Saturday, October 3, 2009

The dumb shit that people say.

University of Southern California running back Stefon Johnson suffered an accident while weight lifting. The bar fell out of his right hand and landed on his throat, severely injuring him.
At 5 feet 11 and 210 pounds, Johnson was able to survive the accident because the muscles around his neck helped him keep open a breathing passage, Hinika said at a news conference Tuesday."Had that been any one of us, meaning me, I would not have survived," Dr. Gudata Hinika, trauma director at California Hospital Medical Center said. "His neck was so solid and so muscular, that actually helped maintain his airway."
In other words, if someone who didn't lift weights dropped a barbell on their neck, he would have died. That makes good nonsense. How about, "Hey, if he wasn't a weight lifter he wouldn't have dropped a barbell on his neck." That works too.

Thursday, October 1, 2009

Something to be enthusiastic about.

When I watch television, I want to see a game, laugh or learn something. Otherwise, I'm not interested. There are only a couple of dramas that I bother watching - FlashForward and Dexter. I don't have the time or energy to devote to watching regular people become celebrities, I don't care who survives, who races across the world fastest, which model is top and I find no enjoyment in watching short-order cooks scream at people. That's just me. I think we have plenty of celebrities and I see no need to create more by putting regular people on TV.
I don't consider "reality" shows entertaining. Besides, when have you ever seen anyone act normal when a video camera is five feet away from them? If they want to show us doing what we really do, there should be a show called America Uses the Toilet or America Masturbates or America Picks its Nose. America Watches Television could be a reality show, but ironically I don't think anyone would watch.
When it comes to episodic comedy, there isn't anything like Larry David's Curb Your Enthusiasm. I was trying to describe the show to someone who had never seen it, and I came up with a few standard themes:
  • Some seemingly innocuous event will occur that later is hugely important,
  • a person that Larry insults will later be needed for something he wants or
  • an awkward social situation is made more so by something Larry either says or does.
Last week's show contained two of the three elements. He spent the first two minutes trying to open a blister pac that contained a GPS unit. That's both funny and real. He gave up on it, and pursued his awkward social life. Once he decided to buy a box cutter to open the GPS package, the tool itself became the source of comedy when he needed it to extricate Jeff from his seat belt, only to find that the box cutter was encased in the very packaging he bought it to open.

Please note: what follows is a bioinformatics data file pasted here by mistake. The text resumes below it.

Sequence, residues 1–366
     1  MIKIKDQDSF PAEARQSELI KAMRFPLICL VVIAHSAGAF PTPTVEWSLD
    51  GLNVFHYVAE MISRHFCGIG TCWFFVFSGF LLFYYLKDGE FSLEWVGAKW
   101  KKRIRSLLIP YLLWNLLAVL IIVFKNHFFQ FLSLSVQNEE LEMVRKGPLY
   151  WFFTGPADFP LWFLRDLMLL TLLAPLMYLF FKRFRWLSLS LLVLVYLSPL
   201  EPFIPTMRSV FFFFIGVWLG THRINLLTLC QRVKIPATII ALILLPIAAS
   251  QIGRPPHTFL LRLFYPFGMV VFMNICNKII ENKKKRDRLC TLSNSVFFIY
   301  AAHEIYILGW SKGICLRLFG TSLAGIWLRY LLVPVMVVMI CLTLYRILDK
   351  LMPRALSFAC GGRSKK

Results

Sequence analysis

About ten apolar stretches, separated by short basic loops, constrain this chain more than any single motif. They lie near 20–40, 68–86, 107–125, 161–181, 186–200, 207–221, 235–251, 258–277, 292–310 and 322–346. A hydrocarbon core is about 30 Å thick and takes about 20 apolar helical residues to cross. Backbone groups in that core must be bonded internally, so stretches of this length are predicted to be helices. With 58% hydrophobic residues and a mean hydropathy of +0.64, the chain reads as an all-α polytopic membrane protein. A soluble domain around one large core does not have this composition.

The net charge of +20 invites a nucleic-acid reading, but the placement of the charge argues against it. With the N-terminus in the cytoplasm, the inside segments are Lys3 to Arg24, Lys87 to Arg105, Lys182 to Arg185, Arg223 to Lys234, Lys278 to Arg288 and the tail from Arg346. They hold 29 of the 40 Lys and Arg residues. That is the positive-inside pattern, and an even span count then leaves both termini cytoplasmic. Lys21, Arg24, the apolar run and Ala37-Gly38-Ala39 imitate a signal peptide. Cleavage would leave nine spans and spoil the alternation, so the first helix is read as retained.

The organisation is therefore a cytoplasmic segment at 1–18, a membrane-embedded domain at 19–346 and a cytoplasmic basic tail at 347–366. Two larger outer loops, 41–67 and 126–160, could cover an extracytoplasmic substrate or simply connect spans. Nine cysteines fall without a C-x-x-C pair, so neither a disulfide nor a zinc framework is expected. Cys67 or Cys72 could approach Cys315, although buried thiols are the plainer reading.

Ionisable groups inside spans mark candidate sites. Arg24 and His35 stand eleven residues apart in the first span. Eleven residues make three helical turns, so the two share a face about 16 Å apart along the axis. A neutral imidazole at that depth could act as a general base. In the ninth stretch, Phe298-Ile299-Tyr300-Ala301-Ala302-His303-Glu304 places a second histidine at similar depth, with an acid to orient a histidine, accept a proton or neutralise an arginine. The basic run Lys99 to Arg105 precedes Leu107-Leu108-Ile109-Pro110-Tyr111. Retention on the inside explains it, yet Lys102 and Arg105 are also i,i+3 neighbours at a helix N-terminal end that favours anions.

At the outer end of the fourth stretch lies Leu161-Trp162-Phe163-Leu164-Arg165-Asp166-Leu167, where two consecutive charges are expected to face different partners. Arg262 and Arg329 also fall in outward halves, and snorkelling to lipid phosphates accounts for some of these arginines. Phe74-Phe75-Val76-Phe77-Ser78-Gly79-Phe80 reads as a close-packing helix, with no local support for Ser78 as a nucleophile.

I think, when a writer comes up with that scenario, he sits back with his arms folded and grins, realizing that he has created something beautiful.
As a viewer, it softens the blow of my cable bill to realize that there is still quality writing on television, and in the morass of junk and made-up celebrities the best things are the things that people create.

Wednesday, September 30, 2009

An imperfect blog post.

There is a story on Yahoo's front page touting an "imperfect" Mariah Carey, who is starring in a film called "Precious" and presumably was told to show up without a shred of makeup.
...when the director's first choice to play a dowdy, no-nonsense social worker - Oscar-winner Helen Mirren backed out, he quickly asked Carey to step in.
Consider this quote from the diva:
"That was such a freeing experience for me," Carey said during a recent interview. "By making me look so bad he brought out the ability to never be self-conscious again, and that was a gift that he gave me."
Look so bad? They ran a photo (right) of the unkempt Carey, and my first thought was that she looks like 75 percent of the women in the world, and if this is her without makeup, I don't understand what is "imperfect" about her. It's a shame that our ideals about what constitutes attractiveness have gotten so far out of whack that a beautiful woman without makeup is considered imperfect and said to look bad.
Correct me if I'm wrong, but there isn't any makeup on her from the neck down, and doesn't that count for something? For my money, she's better looking as the dowdy no-nonsense social worker, because there is a natural look that to me, is more beautiful than some construction job that takes an hour to put on (photo top). I just don't know sometimes.
One thing I do know, is that if you're not watching FlashForward on Thursday night, you're missing one of the potentially great television shows of the decade. It first aired last Thursday, and again on Friday because ABC was smart enough to pick up on the word of mouth that it generated. You might be able to catch up for episode 2, or you might want to check the web site and watch the first episode on your PC. It'll only run about 41 minutes without ads, but I guarantee that by the time you get to the last 30 seconds, you'll want to watch it on Thursday to find out what happens.